We tend to think of hospitals as places we visit in order to heal a wound or treat an illness. Unfortunately, there are instances when a patient suffers additional harm while obtaining treatment at a hospital. When this happens, the consequences can be devastating, including serious injury or even death. Families of victims can be left with an extraordinary financial burden. Bringing a claim for malpractice can be one way to alleviate this burden.
In some malpractice cases, the facts are relatively straightforward: a patient visited one medical professional who deviated from the standard of care under the circumstances and caused the patient harm. However, a hospital patient can be treated by multiple medical professionals from a variety of disciplines, making a particular medical error difficult to pinpoint. There are certain instances in which a hospital itself may be liable for employee actions, and victims may bring a suit against the hospital as an entity (as opposed to bringing a claim against a medical professional in an individual capacity). However, it is important to note that most doctors who practice in hospitals are not directly employees of the hospital, which means bringing suit against a hospital for the mistake of a doctor can be a difficult.
When A Hospital May Be Liable
Actions of an Employee: Hospitals are generally liable for an employee's negligent behavior when the employee is acting within the scope of their employment. However, again, most doctors are not hospital employees.
A Doctor Who Appears to be an Employee: Most doctors who care for patients in a hospital setting are classified as independent contractors; therefore, the hospital is not responsible for mistakes or malpractice, even if such behavior occurred within the hospital. However, a hospital must make it clear to patients that the doctor is not an employee of the hospital. If this practice is not observed, it may be possible to bring a claim against the hospital for negligent behavior of a doctor. In most cases (with the exception of Emergency Room care, a hospital must have a procedure to clearly inform patients that a doctor is not an employee. Failure to observe this practice could mean that the hospital would be liable for a claim.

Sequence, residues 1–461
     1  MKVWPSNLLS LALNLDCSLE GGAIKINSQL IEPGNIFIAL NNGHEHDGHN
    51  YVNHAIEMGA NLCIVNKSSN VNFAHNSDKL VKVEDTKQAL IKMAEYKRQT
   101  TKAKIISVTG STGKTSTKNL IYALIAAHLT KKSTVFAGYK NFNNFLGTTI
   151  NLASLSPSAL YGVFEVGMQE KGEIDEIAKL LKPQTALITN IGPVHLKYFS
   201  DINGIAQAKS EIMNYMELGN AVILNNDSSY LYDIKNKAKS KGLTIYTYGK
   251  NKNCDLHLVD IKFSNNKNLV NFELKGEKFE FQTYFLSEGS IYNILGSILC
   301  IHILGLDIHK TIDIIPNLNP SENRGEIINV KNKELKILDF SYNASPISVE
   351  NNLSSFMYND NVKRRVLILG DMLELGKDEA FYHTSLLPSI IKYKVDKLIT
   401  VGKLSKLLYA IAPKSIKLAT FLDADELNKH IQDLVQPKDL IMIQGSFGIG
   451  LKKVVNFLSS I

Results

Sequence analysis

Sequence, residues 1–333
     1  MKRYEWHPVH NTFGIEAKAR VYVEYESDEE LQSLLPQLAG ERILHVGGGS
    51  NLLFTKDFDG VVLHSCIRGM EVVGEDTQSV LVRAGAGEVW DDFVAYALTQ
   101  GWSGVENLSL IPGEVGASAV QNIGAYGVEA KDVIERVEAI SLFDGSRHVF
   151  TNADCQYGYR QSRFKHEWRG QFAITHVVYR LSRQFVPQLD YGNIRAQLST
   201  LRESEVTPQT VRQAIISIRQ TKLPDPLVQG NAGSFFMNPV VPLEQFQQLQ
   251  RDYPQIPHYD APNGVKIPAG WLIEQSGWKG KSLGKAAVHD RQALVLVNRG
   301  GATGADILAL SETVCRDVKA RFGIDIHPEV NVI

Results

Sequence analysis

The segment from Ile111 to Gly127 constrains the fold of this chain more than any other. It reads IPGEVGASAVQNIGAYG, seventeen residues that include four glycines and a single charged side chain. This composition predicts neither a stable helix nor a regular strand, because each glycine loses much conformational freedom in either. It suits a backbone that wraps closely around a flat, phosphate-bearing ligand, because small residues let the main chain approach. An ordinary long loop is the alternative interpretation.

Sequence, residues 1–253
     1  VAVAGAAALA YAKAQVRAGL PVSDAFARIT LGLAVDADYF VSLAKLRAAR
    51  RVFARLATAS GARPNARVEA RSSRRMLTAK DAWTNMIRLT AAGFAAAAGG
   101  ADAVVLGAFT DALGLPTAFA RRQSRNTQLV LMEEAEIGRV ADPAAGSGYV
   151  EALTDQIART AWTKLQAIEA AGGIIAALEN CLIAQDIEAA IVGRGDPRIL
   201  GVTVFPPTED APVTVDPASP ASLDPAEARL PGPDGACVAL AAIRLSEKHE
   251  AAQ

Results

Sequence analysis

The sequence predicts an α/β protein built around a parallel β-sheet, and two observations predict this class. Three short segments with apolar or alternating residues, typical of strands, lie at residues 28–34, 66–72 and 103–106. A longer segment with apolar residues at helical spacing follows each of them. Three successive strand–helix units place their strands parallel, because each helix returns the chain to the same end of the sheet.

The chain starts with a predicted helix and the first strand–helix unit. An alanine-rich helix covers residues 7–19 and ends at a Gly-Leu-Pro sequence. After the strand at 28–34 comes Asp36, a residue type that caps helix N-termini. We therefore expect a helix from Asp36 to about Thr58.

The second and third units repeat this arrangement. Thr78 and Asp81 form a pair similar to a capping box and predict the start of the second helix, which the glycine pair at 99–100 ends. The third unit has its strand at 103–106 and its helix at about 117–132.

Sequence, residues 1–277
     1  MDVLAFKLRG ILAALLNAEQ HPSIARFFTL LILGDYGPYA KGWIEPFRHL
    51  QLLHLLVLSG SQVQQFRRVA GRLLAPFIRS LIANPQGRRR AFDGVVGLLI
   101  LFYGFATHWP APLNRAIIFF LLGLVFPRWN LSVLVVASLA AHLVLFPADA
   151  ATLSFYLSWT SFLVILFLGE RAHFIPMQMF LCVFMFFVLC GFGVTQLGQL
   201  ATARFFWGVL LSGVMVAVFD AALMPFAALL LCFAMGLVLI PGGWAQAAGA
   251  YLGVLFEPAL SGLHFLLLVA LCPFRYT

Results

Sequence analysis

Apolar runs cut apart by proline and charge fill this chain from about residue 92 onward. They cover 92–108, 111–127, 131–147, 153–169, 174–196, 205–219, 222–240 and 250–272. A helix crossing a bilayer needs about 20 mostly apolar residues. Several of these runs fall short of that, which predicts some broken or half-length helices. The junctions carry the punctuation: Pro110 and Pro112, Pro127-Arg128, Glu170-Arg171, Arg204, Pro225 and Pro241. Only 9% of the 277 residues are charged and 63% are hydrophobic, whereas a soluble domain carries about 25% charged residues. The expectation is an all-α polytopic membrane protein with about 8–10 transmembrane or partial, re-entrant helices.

An Incompetent Doctor is Kept on Staff: Hospitals are responsible for making sure that a doctor who is incompetent does not practice on their premises. Therefore, if a surgeon who is permitted to operate at a specific hospital is in a car accident and suffers traumatic injuries, a hospital must make sure that such injuries have not impeded the ability of the surgeon to perform his or her job.
Dangerous Conditions: Conditions inside a hospital, like slippery floors or broken stairs, are things that a hospital is obligated to fix. Injuries resulting from these kinds of hazardous conditions inside a hospital generally fall under premises liability law. Fortunately, because you are generally on the hospital's property for the hospital's economic benefit, you will likely be considered an invitee, meaning that the hospital has to take reasonable care to make certain that you are not hurt while on their property. It may be possible to bring a claim against a hospital if you were injured due to dangerous conditions.
Legal Representation for Hospital Injuries In Maryland
If you suffered any type of injury as a hospital patient, please contact our law offices. The legal team at Gilman & Bedigian works closely with our staff physician to investigate cases when a hospital might be to blame for injuries. We are dedicated to helping injured people and their families get the compensation they deserve so that they can move forward with their lives.